“Be in the moment,” Alice said.
“Ah, the moment,” I said. “I love being in the moment.”
“Quiet,” she said.
We stared into each other’s eyes, as if to see, really see, for the first time, but I couldn’t settle down, kept making jokes. “Never realized you had a bump in your nose before. And one of your ears sticks out.”
She smiled, shushed me by degrees, as you would a child, and finally we were silent and staring, minute after minute until I was trembling. I’d never looked so closely at another person, never seen anyone so beautiful and radiant in my life. But what did she see? Did she see a monster?
“What was it that happened?” she asked, breaking the silence in a soft voice. Even then, she was well on her way to becoming an excellent therapist, the kind one can’t help confessing to. I started talking about the horrible thing that had happened in Mexico.
I’d been teaching English there in a small town but decided it was time to head back home. I missed my parents. I missed my brother and sister. I gave away most of my things, packed a duffel bag, and headed to the Pacific coast for a final trip, a last blow-out and farewell to Mexico. I found a forgotten coastal town and checked into a two-story white hotel, the only hotel in town. I paid in cash. I didn’t even need to sign a register with my name.
I met an American couple at the hotel. The young woman was about my own age, early twenties, the man a decade older. She was pretty, with longish blonde hair, and wore tie-dyed shirts, patched cut-offs. The man was a tall, rangy sort with a weathered face. She said he had fought in Vietnam.
There was a café bar on the beach, and I joined them in drinking. It went on for a couple of days, and though we were all drinking a lot, the girl and I seemed almost sober compared to the man, who was always passing out. We’d have to drag him back to their room. One afternoon, while he was passed out, she came to my room. There was no sort of seduction. We simply tugged at each other’s clothes and went at it fast and hard, like the drunken people we were.
For the next couple of days, she came and went and we had the same quick sex. One afternoon there was a pounding on my door. When I opened it she was there, her cheek bruised. “Bill’s got a gun,” she said. “He’s got a gun!”
She came into the room, and I heard his step just behind her, and he burst into the room. He wobbled drunkenly and aimed the gun at my face. “Did you fuck Jenny?” he demanded.
I looked at Jenny. She looked at me. With a gun aimed at my face, I said what seemed appropriate. “Of course not.”
His gun swung toward Jenny. “He fucked you, didn’t he?”
“Yes! Yes, he fucked me. Several times.”
“You are so dead, bitch.”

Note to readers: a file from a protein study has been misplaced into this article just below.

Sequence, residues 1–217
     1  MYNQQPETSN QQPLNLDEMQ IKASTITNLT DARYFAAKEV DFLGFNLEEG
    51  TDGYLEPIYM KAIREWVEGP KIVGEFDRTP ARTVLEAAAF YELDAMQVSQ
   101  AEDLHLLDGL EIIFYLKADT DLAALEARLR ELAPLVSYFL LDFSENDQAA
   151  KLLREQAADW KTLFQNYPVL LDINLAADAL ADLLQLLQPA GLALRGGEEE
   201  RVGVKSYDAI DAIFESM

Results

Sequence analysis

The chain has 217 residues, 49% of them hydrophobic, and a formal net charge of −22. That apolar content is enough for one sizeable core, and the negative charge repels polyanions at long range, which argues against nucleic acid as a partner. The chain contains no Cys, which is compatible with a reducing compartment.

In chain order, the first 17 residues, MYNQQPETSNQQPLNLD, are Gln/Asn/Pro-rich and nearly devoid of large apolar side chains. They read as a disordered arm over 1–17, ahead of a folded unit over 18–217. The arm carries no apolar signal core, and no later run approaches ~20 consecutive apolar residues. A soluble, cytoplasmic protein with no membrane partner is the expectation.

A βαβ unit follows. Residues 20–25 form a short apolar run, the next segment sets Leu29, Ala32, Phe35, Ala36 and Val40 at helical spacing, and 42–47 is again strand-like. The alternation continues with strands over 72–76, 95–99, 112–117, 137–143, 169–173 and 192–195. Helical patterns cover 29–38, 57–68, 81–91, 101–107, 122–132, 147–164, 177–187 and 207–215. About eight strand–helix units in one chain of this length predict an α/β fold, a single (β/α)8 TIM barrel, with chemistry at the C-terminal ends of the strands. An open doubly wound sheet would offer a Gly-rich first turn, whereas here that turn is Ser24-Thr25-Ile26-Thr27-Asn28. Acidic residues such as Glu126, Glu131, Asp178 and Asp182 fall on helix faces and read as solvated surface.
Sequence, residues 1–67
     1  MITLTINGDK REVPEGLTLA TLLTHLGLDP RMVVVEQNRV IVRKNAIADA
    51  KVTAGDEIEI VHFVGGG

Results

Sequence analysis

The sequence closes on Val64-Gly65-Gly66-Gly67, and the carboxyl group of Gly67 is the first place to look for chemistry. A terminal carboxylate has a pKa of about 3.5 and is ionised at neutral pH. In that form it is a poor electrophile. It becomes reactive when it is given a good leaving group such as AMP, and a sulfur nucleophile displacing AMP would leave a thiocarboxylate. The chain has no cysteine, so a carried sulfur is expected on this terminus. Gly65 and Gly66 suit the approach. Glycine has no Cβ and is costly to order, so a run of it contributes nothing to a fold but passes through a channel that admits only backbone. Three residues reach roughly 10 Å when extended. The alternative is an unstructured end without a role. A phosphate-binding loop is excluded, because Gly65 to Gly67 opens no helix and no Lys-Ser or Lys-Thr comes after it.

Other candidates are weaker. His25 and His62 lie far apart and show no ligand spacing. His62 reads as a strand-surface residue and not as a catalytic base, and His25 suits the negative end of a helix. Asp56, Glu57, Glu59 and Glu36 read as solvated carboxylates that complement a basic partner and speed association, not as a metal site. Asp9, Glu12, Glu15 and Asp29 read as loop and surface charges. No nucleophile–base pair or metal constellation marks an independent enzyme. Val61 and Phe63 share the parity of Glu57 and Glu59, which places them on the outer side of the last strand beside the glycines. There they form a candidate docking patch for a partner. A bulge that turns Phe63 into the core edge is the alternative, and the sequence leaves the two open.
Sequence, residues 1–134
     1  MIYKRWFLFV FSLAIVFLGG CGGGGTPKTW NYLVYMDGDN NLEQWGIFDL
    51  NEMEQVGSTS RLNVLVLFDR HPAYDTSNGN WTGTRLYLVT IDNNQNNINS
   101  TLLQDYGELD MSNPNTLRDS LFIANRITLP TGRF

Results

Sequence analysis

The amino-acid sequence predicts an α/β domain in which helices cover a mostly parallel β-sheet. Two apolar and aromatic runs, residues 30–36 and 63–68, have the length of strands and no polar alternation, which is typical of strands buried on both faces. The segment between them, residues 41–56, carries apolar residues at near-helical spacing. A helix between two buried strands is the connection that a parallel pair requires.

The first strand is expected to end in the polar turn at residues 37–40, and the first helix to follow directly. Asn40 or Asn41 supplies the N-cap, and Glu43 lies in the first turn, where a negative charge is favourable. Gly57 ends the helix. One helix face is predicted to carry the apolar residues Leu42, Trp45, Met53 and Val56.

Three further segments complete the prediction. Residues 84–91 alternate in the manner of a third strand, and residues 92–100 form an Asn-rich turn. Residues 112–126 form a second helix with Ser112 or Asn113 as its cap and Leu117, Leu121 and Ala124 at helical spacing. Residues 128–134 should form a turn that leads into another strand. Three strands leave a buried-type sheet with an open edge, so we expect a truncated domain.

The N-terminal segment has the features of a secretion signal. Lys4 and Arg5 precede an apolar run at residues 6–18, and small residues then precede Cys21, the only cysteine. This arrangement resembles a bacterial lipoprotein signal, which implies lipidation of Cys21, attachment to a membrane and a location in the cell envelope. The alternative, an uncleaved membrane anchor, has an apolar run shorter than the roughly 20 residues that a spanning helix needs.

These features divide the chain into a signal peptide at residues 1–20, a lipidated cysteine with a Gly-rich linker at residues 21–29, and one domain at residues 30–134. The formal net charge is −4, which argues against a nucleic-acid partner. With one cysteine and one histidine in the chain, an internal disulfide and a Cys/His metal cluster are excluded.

His gun hand tightened. I had been a high-school football player. By instinct, I charged forward as if going at a tackling dummy and drove him back, the gun flying out of his hand. He was surprisingly light in my arms, as if he were full of wind. We went down together, me on top, and his head struck the mantling of brick surrounding the fireplace. He grunted. I looked down into dimming eyes, and then a great gush of blood spilled out around his head. His fingers held onto my arms as you might hold the arms of a lover, and then all the strength went out of his hands and they fell limply to his sides.
I stared down, still on top. “Get help!” I screamed at Jenny. “Get help!”
I ran into the bathroom, grabbed towels, wrapped them around his head, tried to staunch the blood. Bill lay there, horribly silent and still, mouth open, eyes blank and flat as if they were glass. Jenny stood over me, looking down, and I realized she wasn’t going to get help. It was too late. Bill was dead.
I stood up, shaking. “We’d better get the police.”
“Are you crazy? This is Mexico. They’ll throw our asses in jail for murder. We have to leave him.”
The rain was pouring now. A monsoon. The sound of it made it hard to think, and I’d had a lot of alcohol. I sat on the edge of the bed, looking at Bill. I pulled the bedspread off and spread it over him. Then I sat back on the bed, staring numbly into space.
She waved her hand in front of my eyes. “Don’t lose it. You had to do it. You saved my life.” She was all business now, abruptly sober. “I’m going to leave first, in our van. You wait here for a while. Then lock the door and go down the back stairs. No one will find him until morning. Get on the bus. When you’re back across the border, call me in Austin. Look me up. Jenny Smith. The main thing is for us to get back across the border. Do you understand?” She kissed me. “Call me then. We’ll be together. You and me. You saved my life. He would have killed me.”
I fell into a profound stupor, but somehow I kept moving through it, got on the bus, awoke at the border. There was no Jenny Smith listed in Austin—not that I tried very hard to reach her. For years afterward, every police car that drove by my house filled me with dread.
Sitting on the chair staring at Alice, who looked shaken by my confession, I felt as if she were seeing all this in her mind. But her soft eyes pulled me back from that horrible time, told me she saw me as someone innocent, the way I was a long time ago, before the world sank its hooks into me.
She reached out and held my hand as tears of regret and relief formed in my eyes. “You’re a good person,” she said. “It wasn’t your fault. You didn’t mean it to happen. You’re not a monster.”